Good morning from Woodstock, Maine where the sunshine has given way to clouds and snow is on its way. This week I gave presentation at Archbishop Williams High School in Braintree, Massachusetts. Prior to that trip I had been home for over a month and my dogs had gotten out of their kennel routines. When I went to drop them off on Thursday morning Max refused to go into his kennel. Eventually, to get him in the kennel I did the sensible thing and went into the kennel first and lured him in. It proved to be a great photo opportunity for the kennel caretakers. Next week I am going to London for BETT and TeachMeet, but my housesitter is staying with Morrison and Max so that I don't have to get into a kennel again.

Morrison, Max, and I are heading out to spend the afternoon on some new snowshoeing trails I discovered. Wherever you are this weekend, I hope you have something fun to do too.

Here are this week's most popular posts:
1. Seven Free Online Whiteboard Tools for Teachers and Students
2. Free Ebook - Digital Storytelling With Comics
3. Would You Rather - Quick and Fun Math Lessons
4. TED Introduces TED-Ed Clubs to Get Kids Talking About Big Ideas
5. Compare the Size of Countries and States With These Map Mash-ups
6. Webinar Recording - Digital Storytelling With Comics
7. Three Good Tools for Building Flipped Lessons That Include Assessment Tools

Would you like to have me visit your school this year?
Click here to learn more about my professional development offerings.

Please visit the official advertisers that help keep this blog going.
Practical Ed Tech is the brand through which I offer PD webinars.
IXL offers a huge assortment of mathematics lesson activities.
Typing Club offers free typing lessons for students.
Discovery Education & Wilkes University offer online courses for earning Master's degrees in Instructional Media.
MasteryConnect provides a network for teachers to share and discover Common Core assessments.
ABCya.com is a provider of free educational games for K-5.
The University of Maryland Baltimore County offers graduate programs for teachers.
Boise State University offers a 100% online program in educational technology.
EdTechTeacher is organizing two iPad summits this school year.
Classmint offers a nice multimedia flashcard service.
StoryBoard That is a great tool for creating comics and more.
Fresno Pacific University offers a wide variety of technology courses for teachers.

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Find Vintage Public Domain Posters and Advertisments on Viintage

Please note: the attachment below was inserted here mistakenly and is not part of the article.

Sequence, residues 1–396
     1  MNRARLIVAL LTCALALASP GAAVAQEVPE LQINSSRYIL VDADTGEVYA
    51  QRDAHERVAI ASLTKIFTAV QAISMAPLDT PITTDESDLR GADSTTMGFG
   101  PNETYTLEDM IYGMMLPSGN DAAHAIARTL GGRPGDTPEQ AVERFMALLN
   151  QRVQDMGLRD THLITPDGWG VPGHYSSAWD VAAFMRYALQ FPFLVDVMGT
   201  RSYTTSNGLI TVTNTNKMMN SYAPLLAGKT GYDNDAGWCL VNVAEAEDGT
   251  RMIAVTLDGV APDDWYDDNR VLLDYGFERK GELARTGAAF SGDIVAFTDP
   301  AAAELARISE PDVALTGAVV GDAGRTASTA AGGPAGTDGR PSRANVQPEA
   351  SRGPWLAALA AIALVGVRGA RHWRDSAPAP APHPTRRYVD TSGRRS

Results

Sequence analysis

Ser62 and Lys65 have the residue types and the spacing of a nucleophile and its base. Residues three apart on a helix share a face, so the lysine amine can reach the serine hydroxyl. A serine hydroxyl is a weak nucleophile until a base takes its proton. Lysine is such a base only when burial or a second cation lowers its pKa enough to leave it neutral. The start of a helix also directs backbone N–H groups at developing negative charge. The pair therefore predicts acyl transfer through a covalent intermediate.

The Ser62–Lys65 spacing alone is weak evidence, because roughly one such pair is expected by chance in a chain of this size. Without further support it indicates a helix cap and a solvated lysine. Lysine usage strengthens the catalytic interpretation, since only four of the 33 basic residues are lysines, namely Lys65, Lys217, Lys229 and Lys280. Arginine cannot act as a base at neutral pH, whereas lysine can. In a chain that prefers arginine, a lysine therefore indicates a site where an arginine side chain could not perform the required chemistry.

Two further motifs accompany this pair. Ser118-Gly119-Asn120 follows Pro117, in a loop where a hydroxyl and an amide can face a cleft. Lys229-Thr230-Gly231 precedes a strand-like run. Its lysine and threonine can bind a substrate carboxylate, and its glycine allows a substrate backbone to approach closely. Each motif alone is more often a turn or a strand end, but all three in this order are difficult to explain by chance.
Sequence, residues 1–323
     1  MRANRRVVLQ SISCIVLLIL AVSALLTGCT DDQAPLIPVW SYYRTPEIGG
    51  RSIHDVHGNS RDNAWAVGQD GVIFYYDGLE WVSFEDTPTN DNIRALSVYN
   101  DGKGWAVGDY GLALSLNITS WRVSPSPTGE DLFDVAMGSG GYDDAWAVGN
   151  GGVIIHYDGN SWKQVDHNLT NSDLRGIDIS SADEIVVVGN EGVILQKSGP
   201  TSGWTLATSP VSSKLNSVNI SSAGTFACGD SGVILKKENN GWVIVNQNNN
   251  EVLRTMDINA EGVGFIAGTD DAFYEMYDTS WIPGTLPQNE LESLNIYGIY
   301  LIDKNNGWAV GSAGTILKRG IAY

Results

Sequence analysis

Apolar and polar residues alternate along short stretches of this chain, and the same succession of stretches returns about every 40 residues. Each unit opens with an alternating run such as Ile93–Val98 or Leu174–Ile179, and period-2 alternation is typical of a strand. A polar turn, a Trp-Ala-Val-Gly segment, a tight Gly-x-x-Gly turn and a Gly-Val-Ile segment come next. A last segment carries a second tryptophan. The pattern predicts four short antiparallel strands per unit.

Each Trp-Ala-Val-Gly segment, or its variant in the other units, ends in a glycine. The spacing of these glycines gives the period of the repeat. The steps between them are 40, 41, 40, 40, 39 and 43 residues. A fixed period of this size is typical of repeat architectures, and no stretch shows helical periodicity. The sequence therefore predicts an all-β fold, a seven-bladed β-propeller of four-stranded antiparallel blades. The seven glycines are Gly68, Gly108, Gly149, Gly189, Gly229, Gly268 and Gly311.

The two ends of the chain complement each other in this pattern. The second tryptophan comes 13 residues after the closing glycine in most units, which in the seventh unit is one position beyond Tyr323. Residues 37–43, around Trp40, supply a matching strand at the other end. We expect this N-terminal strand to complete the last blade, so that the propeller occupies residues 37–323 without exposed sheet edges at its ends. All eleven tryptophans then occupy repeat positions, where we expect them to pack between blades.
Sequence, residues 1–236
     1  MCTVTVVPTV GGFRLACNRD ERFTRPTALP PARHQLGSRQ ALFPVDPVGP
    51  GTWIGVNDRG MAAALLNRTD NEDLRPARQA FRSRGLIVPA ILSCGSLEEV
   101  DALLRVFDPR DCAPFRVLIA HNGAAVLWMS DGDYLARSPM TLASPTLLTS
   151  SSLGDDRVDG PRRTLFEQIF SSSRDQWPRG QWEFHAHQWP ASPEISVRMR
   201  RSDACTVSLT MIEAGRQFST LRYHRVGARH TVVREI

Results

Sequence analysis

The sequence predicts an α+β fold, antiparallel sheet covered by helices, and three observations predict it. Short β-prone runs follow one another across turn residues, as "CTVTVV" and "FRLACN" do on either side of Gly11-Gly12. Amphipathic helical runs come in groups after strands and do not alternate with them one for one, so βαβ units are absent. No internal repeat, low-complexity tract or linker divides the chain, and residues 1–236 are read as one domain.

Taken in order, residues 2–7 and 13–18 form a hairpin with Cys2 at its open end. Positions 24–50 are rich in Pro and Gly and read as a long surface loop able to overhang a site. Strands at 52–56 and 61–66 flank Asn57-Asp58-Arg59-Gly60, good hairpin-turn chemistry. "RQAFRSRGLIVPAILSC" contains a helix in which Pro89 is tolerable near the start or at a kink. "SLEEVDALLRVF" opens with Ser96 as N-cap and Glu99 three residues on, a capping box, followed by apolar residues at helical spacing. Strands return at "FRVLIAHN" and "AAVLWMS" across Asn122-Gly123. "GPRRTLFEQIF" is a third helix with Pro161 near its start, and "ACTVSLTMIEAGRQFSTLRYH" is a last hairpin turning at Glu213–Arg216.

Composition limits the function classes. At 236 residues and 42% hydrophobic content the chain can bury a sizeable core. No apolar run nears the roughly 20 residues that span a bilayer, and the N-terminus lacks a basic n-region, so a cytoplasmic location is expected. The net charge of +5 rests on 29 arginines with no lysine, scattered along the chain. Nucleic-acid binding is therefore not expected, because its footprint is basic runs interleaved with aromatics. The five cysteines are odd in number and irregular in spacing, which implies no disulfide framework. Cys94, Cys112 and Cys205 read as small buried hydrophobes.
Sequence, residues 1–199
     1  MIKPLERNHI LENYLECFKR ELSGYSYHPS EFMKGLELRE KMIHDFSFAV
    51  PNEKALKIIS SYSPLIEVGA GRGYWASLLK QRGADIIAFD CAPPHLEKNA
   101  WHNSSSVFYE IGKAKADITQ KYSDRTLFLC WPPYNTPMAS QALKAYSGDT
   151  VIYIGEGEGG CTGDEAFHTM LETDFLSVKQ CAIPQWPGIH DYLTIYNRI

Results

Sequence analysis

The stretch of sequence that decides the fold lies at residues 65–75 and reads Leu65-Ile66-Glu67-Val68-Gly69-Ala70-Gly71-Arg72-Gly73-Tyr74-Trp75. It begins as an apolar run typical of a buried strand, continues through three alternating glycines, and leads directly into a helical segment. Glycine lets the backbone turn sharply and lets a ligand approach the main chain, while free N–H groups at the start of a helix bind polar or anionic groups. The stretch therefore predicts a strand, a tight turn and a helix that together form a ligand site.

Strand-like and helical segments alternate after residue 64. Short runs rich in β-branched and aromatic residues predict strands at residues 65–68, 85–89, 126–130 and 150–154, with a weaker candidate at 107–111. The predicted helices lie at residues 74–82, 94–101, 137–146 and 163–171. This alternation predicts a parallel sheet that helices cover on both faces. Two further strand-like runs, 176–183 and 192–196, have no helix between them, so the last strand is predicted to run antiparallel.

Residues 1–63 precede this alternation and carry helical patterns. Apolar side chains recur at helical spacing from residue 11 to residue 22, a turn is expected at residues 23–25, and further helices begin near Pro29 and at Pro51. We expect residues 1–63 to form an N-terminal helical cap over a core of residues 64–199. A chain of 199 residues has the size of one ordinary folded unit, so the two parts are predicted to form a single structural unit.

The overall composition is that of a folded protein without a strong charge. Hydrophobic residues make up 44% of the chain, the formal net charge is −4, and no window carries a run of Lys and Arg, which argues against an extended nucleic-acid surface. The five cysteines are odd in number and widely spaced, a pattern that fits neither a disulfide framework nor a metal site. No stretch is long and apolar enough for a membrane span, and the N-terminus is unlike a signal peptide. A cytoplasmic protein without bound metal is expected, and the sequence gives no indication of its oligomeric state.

Viintage is a neat site that developed by a husband and wife graphic design and photography team. Viintage features collections of vintage posters, postcards, and various printed advertisements that have been released into the public domain. Viintage hosts thousands images organized into dozens of categories like vintage travel posters, classic alphabet learning books, and vintage nursery rhymes images. You can download medium resolution (600px-3000px) copies of the images for free and higher resolutions are available to premium site members.

Applications for Education
Some of the travel posters available through Viintage could be good for students to use in presentations about the history and or appeal of various places around the world. Many of the Viintage graphics could be used as part of a lesson on advertising methods (endorsement, appeal to emotions, etc) as well as lessons on the evolution of graphic designs.

You might also consider having students use the Viintage graphics of children's stories to develop audio slideshows in which they narrate they stories depicted.

An Interactive Timeline of Music Genre Popularity 1950 to Now

Earlier this week the folks at Google Research released an interesting Music Timeline depicting the changes in the popularity of various music genres from 1950 through today. The Music Timeline uses colored spaces to depict the increase and decrease of the popularity of each genre. Click on a genre to see the most popular albums of that genre over the last six decades. Popularity is calculated by how many Google Play users have the album in their libraries.

Applications for Education 
A couple of things came to mind as I explored the Music Timeline. First, the format of the timeline could be applied other areas in which you might want to visualize popularity over time. For example, students could develop timelines to depict the changes in popularity of political parties or politicians over time. Or they could develop a timeline to show changes in the popularity of various clothing styles.

The other thought I had while viewing the Music Timeline was that like From Gospel to Grunge: 100 Years of Rock that I shared a couple of weeks ago, Music Timeline could be a neat resource to include in a music appreciation course for a lesson about the history and evolution of American culture.